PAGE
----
Anti-Italian sentiments among native-born Americans grew along with the burgeoning numbers of Italian immigrants. Propaganda against the Italian immigrants usually focused on fears of the Mafia. Throughout the United States, Italian immigrants were targets of violence, even lynching, by anti-immigrant nativist groups that were alarmed by the new wave of immigration. To help mitigate their difficult situations, Italians established mutual aid societies that provided services ranging from medical care to funerals to members. Many immigrants cities got moral support from living in Little Italies, in which they were surrounded by fellow countrymen (paesani) and could enjoy many of the trappings of the culture of their homeland. Italian grocery stores and other services helped in the transition, especially among those still unable to speak English.
Some immigrants returned to Italy, but most remained in the United States permanently. Male heads of families generally arrived in the United States first. As they became established, they sent for the rest of their families. Over time, notions of returning to Italy faded. Occasionally, however, some family members remained in the United States while others returned to Italy, traveling back and forth whenever possible. This was especially true after World War II.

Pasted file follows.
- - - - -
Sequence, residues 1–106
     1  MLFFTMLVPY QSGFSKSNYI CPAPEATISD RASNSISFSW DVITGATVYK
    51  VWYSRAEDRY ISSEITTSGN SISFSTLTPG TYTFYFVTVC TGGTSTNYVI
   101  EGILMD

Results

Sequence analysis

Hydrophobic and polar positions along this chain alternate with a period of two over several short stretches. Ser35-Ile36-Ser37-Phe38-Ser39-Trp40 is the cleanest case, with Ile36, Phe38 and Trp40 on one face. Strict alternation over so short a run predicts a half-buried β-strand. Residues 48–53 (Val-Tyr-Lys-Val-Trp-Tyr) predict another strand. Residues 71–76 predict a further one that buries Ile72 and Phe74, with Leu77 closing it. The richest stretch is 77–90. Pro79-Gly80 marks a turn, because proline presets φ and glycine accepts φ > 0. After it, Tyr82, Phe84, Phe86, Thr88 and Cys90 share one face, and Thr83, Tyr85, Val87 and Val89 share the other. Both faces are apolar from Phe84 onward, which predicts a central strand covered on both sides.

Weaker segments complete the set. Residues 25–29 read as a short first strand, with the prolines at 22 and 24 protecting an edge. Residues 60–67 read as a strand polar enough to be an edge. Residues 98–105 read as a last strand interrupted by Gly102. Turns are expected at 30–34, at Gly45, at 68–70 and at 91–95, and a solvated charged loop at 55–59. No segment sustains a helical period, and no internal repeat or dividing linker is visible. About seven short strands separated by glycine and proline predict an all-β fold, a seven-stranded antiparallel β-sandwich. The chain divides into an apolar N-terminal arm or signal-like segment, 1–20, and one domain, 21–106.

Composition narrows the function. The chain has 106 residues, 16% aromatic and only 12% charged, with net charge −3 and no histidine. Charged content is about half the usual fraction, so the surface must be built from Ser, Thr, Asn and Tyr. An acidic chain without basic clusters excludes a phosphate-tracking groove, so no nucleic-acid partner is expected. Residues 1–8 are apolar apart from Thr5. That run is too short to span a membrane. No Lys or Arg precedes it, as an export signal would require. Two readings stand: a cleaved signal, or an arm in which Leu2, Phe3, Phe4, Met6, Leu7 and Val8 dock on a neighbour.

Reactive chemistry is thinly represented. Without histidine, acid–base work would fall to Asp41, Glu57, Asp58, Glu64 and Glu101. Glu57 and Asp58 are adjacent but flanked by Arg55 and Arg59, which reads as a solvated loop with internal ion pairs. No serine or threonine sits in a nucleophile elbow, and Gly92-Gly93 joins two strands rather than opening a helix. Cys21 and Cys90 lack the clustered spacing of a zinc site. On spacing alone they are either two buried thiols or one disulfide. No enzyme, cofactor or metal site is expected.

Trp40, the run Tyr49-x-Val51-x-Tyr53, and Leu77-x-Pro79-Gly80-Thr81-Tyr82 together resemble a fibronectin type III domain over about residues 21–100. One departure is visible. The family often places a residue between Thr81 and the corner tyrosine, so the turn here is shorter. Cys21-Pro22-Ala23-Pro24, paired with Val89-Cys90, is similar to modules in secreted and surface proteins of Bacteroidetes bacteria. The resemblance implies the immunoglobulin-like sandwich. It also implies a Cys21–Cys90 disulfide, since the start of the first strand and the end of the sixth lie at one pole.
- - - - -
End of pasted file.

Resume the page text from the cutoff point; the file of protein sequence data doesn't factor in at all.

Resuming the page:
Immigrants who came to the United States during the twentieth century, especially after World War I (1914-1918), enjoyed a brief period of relative prosperity. However, the Great Depression of the 1930’s proved an especially difficult time. By then, Italy was under Benito Mussolini’s Fascist rule, so returning to Italy was out of the question for many immigrants. In 1939, Italy followed Nazi Germany intoWorldWar II and became a declared enemy of the United States.